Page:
Frequently Asked Questions
1. With the Atmospheric Sciences Certificate, can I work as a meteorologist?

Yes, the certificate and its curriculum meet both Federal requirements for civil service employment as a meteorologist (e.g., with the National Weather Service, NOAA, NASA, FAA, etc.) and the American Meteorological Society's recommended atmospheric sciences coursework for completion of the Certified Broadcast Meteorologist (CBM).
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Snowfall in Athens (Feb 2010).
2. What are careers/jobs that Atmospheric Sciences alumni have attained after graduation?

Our graduates have gone on to positions in broadcast television, energy/utilities Industry, National Weather Service/NOAA, emergency management, environmental consulting, among others.

3. I want to be a TV or broadcast meteorologist; shouldn't I get a journalism or communications degree and take a few atmospheric sciences courses?

The trend in the broadcast field is toward hiring meteorologists rather than journalists. Most station managers now hire broadcast meteorologists who either have the AMS CBM (Certified Broadcast Meteorology seal) or are qualified to apply for the CBM. The CBM is administered by the AMS and requires a comprehensive test, in addition to an on-camera presentation. It is important to note that you will not even be allowed to take the CBM test if you do not have certain core atmospheric sciences coursework on your transcript. Our program's curriculum meets this requirement.

4. Do atmospheric sciences students continue to graduate school or enter the workforce?

Many of our students go onto reputable graduate programs in geography, geoscience, meteorology, atmospheric sciences, and other fields. Our graduates have gone to top meteorology/atmospheric science graduate programs, including Colorado State, Florida State, Penn State, and Texas A&M, among other programs. Some students go directly into the work force.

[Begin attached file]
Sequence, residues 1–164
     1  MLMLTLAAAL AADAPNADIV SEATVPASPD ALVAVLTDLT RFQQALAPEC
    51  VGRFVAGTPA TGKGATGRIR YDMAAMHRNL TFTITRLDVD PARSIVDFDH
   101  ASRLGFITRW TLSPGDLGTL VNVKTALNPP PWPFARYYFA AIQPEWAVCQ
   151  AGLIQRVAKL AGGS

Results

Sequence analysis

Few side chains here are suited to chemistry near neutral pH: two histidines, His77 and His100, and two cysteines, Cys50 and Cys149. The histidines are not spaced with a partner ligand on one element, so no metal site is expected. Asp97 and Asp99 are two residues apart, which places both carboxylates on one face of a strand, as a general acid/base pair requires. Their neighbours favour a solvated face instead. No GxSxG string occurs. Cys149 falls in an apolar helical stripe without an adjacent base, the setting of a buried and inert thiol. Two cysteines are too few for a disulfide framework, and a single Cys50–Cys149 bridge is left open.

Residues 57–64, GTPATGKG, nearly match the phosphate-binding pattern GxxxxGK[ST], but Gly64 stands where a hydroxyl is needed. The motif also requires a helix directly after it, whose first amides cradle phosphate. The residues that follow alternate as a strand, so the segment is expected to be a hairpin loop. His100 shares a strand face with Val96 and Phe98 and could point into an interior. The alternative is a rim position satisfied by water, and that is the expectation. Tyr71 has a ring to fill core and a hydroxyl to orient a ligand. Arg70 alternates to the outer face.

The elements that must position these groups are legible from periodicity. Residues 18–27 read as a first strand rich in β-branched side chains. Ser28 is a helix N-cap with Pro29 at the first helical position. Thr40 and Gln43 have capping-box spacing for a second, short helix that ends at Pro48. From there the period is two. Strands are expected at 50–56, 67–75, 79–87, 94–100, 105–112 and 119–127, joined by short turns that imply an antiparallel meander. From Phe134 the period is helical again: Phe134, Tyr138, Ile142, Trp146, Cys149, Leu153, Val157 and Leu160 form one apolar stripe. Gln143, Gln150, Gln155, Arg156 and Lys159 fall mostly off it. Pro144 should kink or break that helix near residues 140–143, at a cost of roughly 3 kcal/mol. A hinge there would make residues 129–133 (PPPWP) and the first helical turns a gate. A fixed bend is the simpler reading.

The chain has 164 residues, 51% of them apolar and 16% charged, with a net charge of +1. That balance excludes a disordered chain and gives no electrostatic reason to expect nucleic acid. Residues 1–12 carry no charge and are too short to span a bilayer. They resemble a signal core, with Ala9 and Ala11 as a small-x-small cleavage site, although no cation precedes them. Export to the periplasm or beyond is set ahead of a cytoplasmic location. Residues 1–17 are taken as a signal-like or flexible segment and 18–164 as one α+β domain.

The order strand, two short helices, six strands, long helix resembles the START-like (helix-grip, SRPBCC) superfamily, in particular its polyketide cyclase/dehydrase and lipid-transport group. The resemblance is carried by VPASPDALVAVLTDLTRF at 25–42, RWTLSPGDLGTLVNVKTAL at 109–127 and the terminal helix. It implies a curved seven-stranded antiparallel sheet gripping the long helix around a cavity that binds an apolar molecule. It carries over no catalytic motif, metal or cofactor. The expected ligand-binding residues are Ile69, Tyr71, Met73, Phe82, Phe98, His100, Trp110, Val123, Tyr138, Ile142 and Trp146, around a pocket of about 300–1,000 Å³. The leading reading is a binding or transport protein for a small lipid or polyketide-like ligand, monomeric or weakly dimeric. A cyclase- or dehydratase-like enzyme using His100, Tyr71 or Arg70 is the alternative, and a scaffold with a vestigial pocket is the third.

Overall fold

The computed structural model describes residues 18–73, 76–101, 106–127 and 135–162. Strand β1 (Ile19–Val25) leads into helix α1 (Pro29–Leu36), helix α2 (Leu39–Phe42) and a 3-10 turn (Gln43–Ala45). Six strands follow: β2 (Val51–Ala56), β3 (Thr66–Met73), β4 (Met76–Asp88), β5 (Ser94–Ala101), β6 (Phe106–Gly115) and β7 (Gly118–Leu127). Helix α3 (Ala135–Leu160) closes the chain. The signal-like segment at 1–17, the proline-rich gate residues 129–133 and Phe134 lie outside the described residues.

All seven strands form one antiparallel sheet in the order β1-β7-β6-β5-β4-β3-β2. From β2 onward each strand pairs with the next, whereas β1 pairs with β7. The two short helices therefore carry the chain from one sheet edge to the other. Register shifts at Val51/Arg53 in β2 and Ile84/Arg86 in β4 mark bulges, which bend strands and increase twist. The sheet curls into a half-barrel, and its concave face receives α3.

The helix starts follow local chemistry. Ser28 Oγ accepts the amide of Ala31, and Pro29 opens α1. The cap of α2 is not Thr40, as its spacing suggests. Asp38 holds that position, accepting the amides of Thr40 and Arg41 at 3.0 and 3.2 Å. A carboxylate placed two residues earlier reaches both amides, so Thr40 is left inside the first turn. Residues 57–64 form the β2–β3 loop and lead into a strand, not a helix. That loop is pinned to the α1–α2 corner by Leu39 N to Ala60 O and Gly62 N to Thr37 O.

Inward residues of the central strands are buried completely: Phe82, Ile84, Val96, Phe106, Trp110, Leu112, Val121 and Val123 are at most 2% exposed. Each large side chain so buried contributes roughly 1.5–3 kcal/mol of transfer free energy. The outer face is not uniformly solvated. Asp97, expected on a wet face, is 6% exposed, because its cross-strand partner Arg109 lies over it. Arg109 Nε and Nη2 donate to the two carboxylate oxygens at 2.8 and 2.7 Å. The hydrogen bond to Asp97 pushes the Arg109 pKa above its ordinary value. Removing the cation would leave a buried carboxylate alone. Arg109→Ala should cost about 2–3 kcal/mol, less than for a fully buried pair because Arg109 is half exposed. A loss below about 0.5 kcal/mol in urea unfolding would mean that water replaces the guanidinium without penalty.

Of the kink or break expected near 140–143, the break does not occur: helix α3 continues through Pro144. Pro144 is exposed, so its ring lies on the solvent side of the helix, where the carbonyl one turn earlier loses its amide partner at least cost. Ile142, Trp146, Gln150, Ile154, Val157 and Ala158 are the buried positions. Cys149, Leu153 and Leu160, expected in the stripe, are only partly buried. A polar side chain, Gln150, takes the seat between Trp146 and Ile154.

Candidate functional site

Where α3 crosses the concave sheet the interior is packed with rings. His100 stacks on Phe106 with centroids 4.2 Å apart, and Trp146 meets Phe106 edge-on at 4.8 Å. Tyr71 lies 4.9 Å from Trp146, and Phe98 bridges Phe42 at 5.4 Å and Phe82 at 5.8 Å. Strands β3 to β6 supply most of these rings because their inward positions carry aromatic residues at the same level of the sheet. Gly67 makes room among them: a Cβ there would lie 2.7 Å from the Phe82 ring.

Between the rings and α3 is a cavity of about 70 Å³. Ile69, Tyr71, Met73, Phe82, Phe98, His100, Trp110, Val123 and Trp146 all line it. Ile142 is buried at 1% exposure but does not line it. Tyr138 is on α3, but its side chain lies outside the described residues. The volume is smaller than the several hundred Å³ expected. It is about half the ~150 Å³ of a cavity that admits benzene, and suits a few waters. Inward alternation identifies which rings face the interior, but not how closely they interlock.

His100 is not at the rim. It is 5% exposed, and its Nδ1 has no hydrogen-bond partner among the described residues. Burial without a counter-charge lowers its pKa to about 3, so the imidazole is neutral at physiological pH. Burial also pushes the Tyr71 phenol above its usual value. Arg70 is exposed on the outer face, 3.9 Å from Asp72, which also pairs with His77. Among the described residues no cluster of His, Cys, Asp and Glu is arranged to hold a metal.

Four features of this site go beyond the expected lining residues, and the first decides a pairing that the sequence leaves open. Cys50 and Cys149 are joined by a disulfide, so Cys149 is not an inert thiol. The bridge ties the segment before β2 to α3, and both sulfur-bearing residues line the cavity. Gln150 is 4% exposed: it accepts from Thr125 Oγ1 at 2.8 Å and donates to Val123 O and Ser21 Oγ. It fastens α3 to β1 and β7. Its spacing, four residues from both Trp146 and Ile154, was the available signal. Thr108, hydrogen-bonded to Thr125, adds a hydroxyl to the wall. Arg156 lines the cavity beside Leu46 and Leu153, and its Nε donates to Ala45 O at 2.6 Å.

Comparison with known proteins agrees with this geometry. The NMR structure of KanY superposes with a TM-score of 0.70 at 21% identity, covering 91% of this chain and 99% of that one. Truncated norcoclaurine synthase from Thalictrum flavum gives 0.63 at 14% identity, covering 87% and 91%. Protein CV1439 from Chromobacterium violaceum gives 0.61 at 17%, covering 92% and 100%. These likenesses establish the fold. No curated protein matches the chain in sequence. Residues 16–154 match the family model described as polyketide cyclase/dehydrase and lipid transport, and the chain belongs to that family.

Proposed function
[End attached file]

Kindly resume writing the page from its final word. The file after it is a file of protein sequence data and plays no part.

5. How long does it take to get the combined Certificate in Atmospheric Sciences with my B.S. degree?

This can vary depending upon student majors, scheduling, and dedication. A 4-5 year time frame is reasonable. This may vary for transfer or returning students depending on their backgrounds in math and science.

6. Besides TV and the National Weather Service, what are jobs that a person with a Certificate in Atmospheric Sciences and B.S. in Geography degree could pursue?

Federal and state government meteorologists (NWS, NOAA, EPA, NASA, DOI, DOT, state agencies, etc.), broadcast meteorology production, environmental/atmospheric science consulting and services, aviation industry (e.g., Delta Air Lines, UPS, FAA, National Transportation Safety Board), other private industry (agriculture, food and product services, energy, transportation, forensics), climate and climate services are all possibilities. The American Meteorological Society is a good source for information on careers in the atmospheric sciences.

7. What makes the UGA program unique from other universities offering programs in this field?

The UGA program provides a top-notch AMS and federally recognized curriculum in the atmospheric sciences taught by acclaimed professors recognized for their teaching and research. Additionally, because our program is interdisciplinary, and focused in Geography, students are exposed to a broader set of academic coursework, training and experiences that make them competitive and, in some cases, unique compared to students who complete a traditional atmospheric sciences curriculum. In addition to the typical meteorology curriculum, students may choose coursework in Geographic Information Systems (GIS), cartographic/remote sensing methods, climatology-climate sciences, and societal-human implications of weather and climate.

Additionally, because we are located in Georgia, our students have access to National Weather Service, FAA, Delta and UPS Aviation Meteorological Services, CNN, The Weather Channel, a top 10 media market, and other major industries that have meteorological interests.

8. Do Atmospheric Science students get internships?

Yes, our students have interned at the NWS/NOAA, The Weather Channel, CNN, Delta Air Lines, and local television stations in Atlanta and other markets. An internship can count for academic credit toward the Certificate in Atmospheric Sciences.

9. Can a student complete the certificate via distance education?

No. We do not offer our courses off campus or via distance education.